Tips for Feeding Cats with Diabetes

Cats with diabetes can often be improved with a proper diet. In fact, with a proper diet, you can reduce the amount of insulin you give your cat and possibly even remove it completely. However, when beginning a diet change, do so in conjunction with your veterinarian. Test the insulin levels regularly as the diet changes so you don't deliver the wrong dosage.

Reduce Carbohydrates

Many veterinarians claim that the high instance of diabetes in cats is caused by their high carbohydrate diets. Cats are obligate carnivores, which means they consume their energy and nutrients from the protein of other animals. Their bodies are not designed for a high carbohydrate diet.

However, many commercial cat foods, especially dry kibble but often wet food as well, rely on carbohydrates as cheap filler to reduce the cost of the food. This is extremely unhealthy for your diabetic cat. It's like feeding a human diabetic sugar because the carbohydrates are not digested and do turn to sugar in your cat's body.

Look at the ingredients of your cat food. The first three to five ingredients should be high-level protein, and the food should include very little, if any, carbohydrates. It should contain no corn, wheat or soy.

Less than 10 percent of your cat's calories should come from carbohydrates. In the wild, a cat's diet is less than 5 percent carbohydrates, but most commercial cat food contains 30 to 50 percent. This causes obesity, which is especially bad for your diabetic cat, and causes many cats to be deficient in many enzymes they can easily obtain in the wild.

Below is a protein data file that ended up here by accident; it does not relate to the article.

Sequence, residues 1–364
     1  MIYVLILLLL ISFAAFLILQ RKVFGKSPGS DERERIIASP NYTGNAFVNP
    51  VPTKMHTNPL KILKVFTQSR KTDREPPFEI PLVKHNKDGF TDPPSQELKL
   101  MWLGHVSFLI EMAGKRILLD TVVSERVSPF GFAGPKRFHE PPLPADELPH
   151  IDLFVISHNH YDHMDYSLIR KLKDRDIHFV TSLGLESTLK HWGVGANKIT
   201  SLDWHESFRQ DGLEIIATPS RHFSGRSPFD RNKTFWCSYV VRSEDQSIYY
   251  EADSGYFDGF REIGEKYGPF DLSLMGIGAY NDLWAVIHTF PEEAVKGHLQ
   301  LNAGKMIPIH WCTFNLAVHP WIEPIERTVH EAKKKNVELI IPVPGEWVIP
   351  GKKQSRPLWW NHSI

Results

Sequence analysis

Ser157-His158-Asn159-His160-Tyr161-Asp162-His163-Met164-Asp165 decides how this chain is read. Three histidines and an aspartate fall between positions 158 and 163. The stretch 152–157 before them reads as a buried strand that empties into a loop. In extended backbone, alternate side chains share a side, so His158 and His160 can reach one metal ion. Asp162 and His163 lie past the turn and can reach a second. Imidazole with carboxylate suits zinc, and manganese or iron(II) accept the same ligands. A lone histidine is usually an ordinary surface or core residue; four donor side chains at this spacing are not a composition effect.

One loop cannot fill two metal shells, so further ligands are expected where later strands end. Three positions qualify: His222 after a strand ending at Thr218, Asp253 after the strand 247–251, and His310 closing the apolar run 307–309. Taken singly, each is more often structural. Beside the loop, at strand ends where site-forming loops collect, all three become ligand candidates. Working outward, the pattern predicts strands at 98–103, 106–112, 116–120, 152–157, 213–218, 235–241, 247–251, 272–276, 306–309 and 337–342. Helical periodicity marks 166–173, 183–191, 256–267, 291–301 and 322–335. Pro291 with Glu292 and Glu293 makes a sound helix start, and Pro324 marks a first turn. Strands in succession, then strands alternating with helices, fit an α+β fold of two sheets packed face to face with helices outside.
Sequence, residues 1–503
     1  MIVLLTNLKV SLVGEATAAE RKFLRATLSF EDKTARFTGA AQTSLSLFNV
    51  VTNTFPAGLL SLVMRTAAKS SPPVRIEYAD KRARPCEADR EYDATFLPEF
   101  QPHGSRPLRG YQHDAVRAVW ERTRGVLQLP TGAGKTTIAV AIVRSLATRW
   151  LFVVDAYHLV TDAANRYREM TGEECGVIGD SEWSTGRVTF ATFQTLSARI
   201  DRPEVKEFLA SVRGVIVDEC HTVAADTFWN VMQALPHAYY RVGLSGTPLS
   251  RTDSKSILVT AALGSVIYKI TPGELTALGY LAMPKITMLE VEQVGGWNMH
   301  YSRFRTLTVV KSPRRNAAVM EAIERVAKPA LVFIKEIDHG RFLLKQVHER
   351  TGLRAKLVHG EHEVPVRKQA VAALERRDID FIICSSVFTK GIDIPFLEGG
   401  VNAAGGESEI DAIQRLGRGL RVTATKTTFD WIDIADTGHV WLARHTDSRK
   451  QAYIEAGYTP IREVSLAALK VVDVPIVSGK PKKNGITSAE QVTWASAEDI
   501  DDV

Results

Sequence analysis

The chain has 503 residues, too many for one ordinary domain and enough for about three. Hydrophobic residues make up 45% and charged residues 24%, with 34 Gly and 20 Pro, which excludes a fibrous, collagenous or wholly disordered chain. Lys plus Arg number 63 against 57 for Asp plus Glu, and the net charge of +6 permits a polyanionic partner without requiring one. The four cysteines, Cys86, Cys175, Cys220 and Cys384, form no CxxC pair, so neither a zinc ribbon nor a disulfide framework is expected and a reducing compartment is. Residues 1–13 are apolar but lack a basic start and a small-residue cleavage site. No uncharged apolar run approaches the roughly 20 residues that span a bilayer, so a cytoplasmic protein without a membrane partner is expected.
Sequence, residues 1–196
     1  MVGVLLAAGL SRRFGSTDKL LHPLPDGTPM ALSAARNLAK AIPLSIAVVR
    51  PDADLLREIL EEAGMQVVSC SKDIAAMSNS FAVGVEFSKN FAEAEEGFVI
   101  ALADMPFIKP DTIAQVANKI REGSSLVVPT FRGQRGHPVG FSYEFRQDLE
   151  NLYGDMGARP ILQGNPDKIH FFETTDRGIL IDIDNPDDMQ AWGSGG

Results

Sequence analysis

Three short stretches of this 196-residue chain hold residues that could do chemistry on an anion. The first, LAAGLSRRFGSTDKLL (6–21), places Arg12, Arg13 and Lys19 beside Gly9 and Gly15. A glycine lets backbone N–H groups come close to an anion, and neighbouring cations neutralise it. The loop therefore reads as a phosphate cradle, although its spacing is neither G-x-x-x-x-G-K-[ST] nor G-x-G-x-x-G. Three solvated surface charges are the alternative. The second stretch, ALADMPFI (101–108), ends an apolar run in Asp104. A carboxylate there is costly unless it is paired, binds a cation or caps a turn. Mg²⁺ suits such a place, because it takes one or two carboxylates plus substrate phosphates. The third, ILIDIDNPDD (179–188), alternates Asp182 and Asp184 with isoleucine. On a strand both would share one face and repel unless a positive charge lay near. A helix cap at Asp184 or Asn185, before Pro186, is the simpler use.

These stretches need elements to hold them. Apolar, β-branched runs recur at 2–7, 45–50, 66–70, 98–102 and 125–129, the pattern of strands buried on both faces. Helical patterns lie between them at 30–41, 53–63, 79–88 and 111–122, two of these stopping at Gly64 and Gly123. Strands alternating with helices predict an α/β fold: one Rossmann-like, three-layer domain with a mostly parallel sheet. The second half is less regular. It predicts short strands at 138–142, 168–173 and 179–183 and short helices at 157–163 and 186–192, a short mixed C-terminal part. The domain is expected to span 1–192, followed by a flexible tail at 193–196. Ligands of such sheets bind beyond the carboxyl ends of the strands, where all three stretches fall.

Quality of Proteins

In addition to reducing carbohydrates, ensure the quality of protein your cat is receiving is high. This will promote the production of enzymes in the body that are naturally found in high-protein food. If the food contains "meat byproduct," don't feed it. This doesn't include muscle meat, which is where cats get most of their protein.

Diabetic cats should not eat dry food. It is too high in carbohydrates and too low in protein.

Reducing Fiber

In humans and dogs, a high fiber diet can be beneficial. However, this is not true for cats. High fiber diets are so contrary to a cat's natural diet that he will not benefit from this addition. The owner of a diabetic cat should strive to keep all grains from their cat's food.

Changing the Diet Safely

When changing from a diet that contains, for example, 35 percent carbohydrates to a diet with only 5 percent carbohydrates, you must monitor your cat's glucose levels at home. Reducing carbohydrates by such a dramatic amount will mostly likely require you to lower the dosage of insulin.

When changing any diet, you want to mix the foods for a week or more to ensure the cat's system can handle the change. Monitor your cat and discuss the diet change with your veterinarian.

Diabetics in humans is often caused from years of poor eating, and many veterinarians believe this may be the case in cats as well. To help reduce this trend in your diabetic cat, reduce all carbohydrates and fibers. This will improve his health and quality of life.